Being Mother Hen to Ducks and Geese

A print by Monte Dollack hangs in our unfinished bathroom; after nine years, we still have a tile-less cement floor, still bathe in the bathtub we picked up at the garbage dump for $10. But the Dollack print attests to our desire to have nice things, hints that someday the room will be finished.

In the picture, "Suburban Refuge," eight varieties of ducks paddle around in a similar tub, preen themselves beneath a potted fern, take flight from the tub, float in the commode, hide under it, or stand atop it. A nonchalant mallard stands on a toothpaste tube, the contents spreading on the floor. An unruly wigeon has unrolled several yards of toilet paper. The waterfowl are happy to have such a refuge.

I bought the print for my husband, who hunts ducks and says he likes ducks, although to me, to like and to hunt ducks are incongruous. But I like ducks as well. As a child, raised on Lake Washington in Seattle, when it was still somewhat countrified, I raised a number of wild ducks, ducks separated from their mothers during storms.

My dad and I would scoop them out of the pounding waves with a large fish net and rush them to the basement, where they would live for a time in a shoe box, with me and a light bulb as mother.

Some left us when they were grown, others stayed. But I learned duck language and understood what every peep and squawk meant. They liked it when I wore a red sweater. They loved it when I lifted the dianthus that draped over the rockery, so they could eat the young slugs that hid there.

Now, 40 years later, I am raising two goslings. They were purchased, not rescued. And perhaps for that reason, I feel more responsible, as if I must do whatever it takes to get them to goosehood.

Years ago, I bought a book titled "Ducks and Geese in Your Backyard." It sounded romantic. It told how geese mate for life, how fiercely protective they are of their young, how males and females share equally in parenting duties.

But for nearly four weeks now, our geese have outgrown a series of mesh-covered boxes beside the bed. When they arrived, as one-day-olds, I cleaned the box twice a day; now, being a goose farmer is pretty much an all-day job.

I didn't think spring would be so cold, so windy, so late.

And I've learned that raising a single duck in the basement is not the same as raising two geese beside the bed. They live where they do so that I can protect them from our three dogs and three cats, all of whom have made furtive forays at the cheeping box. On our daily treks to the outside world, the retriever and cow dog have learned that the goslings are part of our family. Our newest dog, a shepherd-black Lab mix, is not yet convinced. He still thinks they would be a tasty meal, as do all three cats.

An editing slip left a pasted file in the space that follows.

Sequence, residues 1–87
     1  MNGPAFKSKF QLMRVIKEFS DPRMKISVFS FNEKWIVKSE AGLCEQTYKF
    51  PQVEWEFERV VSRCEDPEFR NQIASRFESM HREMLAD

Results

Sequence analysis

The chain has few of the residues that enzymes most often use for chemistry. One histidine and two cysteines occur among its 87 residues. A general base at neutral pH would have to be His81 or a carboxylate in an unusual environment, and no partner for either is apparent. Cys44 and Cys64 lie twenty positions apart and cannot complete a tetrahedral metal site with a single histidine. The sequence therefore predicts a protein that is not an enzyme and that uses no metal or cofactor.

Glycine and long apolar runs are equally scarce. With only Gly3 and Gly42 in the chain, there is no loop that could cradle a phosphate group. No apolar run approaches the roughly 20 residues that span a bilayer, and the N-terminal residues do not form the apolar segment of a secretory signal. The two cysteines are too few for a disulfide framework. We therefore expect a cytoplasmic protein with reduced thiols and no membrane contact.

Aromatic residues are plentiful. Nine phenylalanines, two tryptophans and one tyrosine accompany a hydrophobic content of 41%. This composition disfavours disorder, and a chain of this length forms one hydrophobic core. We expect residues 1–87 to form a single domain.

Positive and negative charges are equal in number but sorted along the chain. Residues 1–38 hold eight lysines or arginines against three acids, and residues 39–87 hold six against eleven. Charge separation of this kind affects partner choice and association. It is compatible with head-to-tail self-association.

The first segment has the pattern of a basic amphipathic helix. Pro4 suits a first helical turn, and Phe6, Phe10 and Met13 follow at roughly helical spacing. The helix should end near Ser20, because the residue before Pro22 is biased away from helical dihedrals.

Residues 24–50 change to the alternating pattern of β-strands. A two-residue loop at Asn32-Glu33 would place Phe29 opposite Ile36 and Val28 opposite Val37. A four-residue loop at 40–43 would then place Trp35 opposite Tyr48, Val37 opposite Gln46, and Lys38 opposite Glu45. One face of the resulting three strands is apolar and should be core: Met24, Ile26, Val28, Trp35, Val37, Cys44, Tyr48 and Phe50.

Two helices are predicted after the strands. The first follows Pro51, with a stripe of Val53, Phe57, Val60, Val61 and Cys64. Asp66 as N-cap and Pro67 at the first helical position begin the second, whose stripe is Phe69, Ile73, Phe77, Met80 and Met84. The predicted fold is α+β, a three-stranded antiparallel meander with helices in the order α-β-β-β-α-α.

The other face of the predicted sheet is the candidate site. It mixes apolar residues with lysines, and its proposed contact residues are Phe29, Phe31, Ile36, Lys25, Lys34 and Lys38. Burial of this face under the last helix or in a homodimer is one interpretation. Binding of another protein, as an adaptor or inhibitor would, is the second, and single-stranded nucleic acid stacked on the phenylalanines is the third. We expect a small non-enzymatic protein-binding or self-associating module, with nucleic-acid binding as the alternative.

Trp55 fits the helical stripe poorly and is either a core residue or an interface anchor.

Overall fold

The goslings arrived with cold feet. They were shaking. Putting them in the box with the light bulb, offering them food and water, did nothing to warm their feet, nothing to stop the cacophony. Taking them to bed with me quieted them. We wrapped ourselves in a woolen blanket; they immediately calmed. After half an hour, they were quiet when again placed in their box.

Those first days they did a lot of cheeping, mostly at night. They seem to be nocturnal, or else their rustlings are more noticeable during the quiet hours of darkness. The gander (at least we think he's a gander) snores loudly when he does sleep. He picks on his mate, pecks for hours at the cardboard, and what he consumes comes out the other end about every three minutes. At 3 a.m. they run out of food. They leap at the top of their box, demanding more.

It's been a sleepless four weeks. I tried putting them in their outdoor pen for part of one of the less-chilly days, but they appeared unhappy afterward, so it was back to the box. They need fresh water five times a day. I have haunted local stores in an endless search for larger and larger boxes.

Their daily swim in our tub has become progressively messier. They dive underwater, splash the Sheetrock walls, clamor to get out. In real life, unlike in the Dollack print, there is a keeper. And I'm it.

They are brave little goslings. They stretch out their long necks and hiss at me if I'm more than a few feet from them, hiss at the retriever when he comes too close, aggressively peck at the Lab's face through the fence. They have yet to learn their task, the reason we bought them. They are to rid the garden of weeds and grasshoppers, and chase the deer who come in the night to eat the young leaves of our fruit trees. Last year, the garden boasted nothing but filigreed leaves and chewed-off stalks, after a swarm of grasshoppers and Olympian deer had had their way with it.

WE don't know if the geese will be suited to the task. They seem to prefer eating the grass of our tiny lawn and haven't been introduced to grasshoppers.

We've named them Henry and Daisy. They fly into frenzies of activity for no apparent reason, flapping their small wings and running around in circles loudly proclaiming their dominance, their joy, their alarm? I'm not yet conversant in goose language, am uncertain what these antics mean. I enjoy watching them, but must admit I would enjoy them much more if they could move to their outdoor home.

"Suburban Refuge" is a nice painting to look at while soaking in the tub, but it's not the kind of art that mirrors reality. In the print, the mess is amusing. If I were to paint such a picture, I'd paint myself in it, scrubbing out the tub, preparing yet another box, brushing the goose-chewed hair from my brow, pensively wishing for good weather.

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